- Request for the provision of all business emails for particular staff over a specified period of time
- Requests for information allowing the analysis of profit margins derived at each step of the supply chain offshore
- Review of other available information to confirm activities undertaken by staff.
The route being undertaken in terms of Action 4 (transfer pricing to limit base erosion by interest deductions) is also anticipated to include the introduction of country-by-country reporting for New Zealand subsidiaries of foreign-based multinationals of significant size. The Australian threshold for country-by-country reporting is A$1billion, but the New Zealand threshold has not yet been determined. A threshold of the NZ$ equivalent of the Australian threshold would exclude all but a handful of New Zealand businesses.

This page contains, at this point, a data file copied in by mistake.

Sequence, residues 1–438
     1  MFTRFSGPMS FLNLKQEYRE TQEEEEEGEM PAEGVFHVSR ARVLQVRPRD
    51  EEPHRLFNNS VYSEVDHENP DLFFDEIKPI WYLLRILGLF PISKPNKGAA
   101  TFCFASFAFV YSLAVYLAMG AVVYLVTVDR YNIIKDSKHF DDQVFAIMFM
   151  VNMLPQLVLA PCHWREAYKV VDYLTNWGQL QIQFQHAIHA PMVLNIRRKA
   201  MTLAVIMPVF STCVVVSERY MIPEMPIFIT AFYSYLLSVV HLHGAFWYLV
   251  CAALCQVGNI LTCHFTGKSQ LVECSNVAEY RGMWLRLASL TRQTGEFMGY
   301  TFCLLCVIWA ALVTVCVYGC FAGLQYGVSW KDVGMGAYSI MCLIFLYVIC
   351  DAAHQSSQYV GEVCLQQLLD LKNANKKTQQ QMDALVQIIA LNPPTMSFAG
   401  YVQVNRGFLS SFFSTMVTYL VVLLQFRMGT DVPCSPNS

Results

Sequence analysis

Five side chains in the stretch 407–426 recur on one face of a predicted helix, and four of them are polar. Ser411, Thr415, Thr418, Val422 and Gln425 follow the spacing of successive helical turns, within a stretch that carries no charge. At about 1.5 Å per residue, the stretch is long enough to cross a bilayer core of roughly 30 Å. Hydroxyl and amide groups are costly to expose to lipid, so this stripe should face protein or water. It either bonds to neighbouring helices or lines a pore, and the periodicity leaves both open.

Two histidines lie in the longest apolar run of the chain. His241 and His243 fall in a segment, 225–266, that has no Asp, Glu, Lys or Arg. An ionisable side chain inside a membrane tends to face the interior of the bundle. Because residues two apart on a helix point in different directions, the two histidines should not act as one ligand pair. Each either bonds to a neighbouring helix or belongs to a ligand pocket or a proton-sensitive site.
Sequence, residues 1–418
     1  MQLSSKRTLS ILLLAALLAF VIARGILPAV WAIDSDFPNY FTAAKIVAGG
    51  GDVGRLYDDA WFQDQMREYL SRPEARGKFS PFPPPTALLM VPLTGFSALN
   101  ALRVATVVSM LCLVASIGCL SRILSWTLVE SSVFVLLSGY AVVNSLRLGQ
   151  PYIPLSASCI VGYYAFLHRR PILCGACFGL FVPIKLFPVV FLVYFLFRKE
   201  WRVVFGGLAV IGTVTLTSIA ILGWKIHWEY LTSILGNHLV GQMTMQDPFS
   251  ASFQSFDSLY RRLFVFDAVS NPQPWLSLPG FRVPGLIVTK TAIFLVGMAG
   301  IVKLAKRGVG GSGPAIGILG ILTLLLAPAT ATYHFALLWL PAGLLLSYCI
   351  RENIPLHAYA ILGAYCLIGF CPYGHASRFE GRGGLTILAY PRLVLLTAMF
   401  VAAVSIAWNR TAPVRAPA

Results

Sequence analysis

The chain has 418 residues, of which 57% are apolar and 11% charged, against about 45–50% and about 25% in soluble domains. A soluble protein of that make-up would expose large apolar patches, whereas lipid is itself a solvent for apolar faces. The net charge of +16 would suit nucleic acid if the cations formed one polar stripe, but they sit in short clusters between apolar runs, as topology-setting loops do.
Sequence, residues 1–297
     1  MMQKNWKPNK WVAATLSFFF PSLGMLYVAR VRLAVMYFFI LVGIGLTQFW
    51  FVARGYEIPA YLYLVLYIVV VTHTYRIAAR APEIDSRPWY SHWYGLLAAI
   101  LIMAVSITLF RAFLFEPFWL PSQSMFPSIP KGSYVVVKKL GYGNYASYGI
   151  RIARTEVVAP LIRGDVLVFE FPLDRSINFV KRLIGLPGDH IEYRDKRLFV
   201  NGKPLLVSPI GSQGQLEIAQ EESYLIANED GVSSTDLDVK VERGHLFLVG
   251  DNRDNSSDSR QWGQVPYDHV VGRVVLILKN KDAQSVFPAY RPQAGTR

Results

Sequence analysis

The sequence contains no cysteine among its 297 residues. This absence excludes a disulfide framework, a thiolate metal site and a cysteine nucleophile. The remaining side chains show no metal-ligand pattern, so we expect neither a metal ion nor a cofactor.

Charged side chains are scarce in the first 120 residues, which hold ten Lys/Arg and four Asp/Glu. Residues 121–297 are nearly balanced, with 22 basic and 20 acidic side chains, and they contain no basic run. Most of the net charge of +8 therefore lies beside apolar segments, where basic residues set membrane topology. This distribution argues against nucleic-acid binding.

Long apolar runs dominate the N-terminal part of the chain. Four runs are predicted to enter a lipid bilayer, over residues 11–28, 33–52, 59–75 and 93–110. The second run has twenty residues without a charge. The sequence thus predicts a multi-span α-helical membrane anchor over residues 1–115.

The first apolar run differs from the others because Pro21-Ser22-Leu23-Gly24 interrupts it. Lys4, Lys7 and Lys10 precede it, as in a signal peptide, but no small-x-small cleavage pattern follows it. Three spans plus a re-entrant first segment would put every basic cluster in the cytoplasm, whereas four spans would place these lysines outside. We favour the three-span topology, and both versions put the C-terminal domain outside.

In this writer's view, the BEPS initiatives are welcome at a political level, but the details of the changes being made in certain key areas (and the speed with which changes could be implemented), when combined with the specific actions being taken in other jurisdictions, could result in unwelcome and harmful effects for New Zealand as a nation. New Zealand has had prior experience of this when it implemented its now-repealed controlled foreign company regime in 1986. As a net capital importing nation, heavily reliant on trade and ready access to markets, anything which drives up the cost of capital (such as increases in non-resident withholding taxes on interest, from two percent to ten percent), or forcing symmetrical tax treatment of hybrid instruments (for example, aircraft lease payment arrangements), or denying interest deductions to a greater extent under revised thin capitalisation rules, will all operate as a net additional cost to doing business in New Zealand. MNEs and other large investors (such as pension funds investing in forestry and infrastructure assets) might simply go elsewhere, and not invest at all. The actual cash cost of New Zealand being seen as a good global citizen at a political level, could ultimately fall on the New Zealand taxpayer increasing the cost of doing business and reducing competitiveness. If that occurred, the implementation of BEPS would indeed be an "own goal", for this country.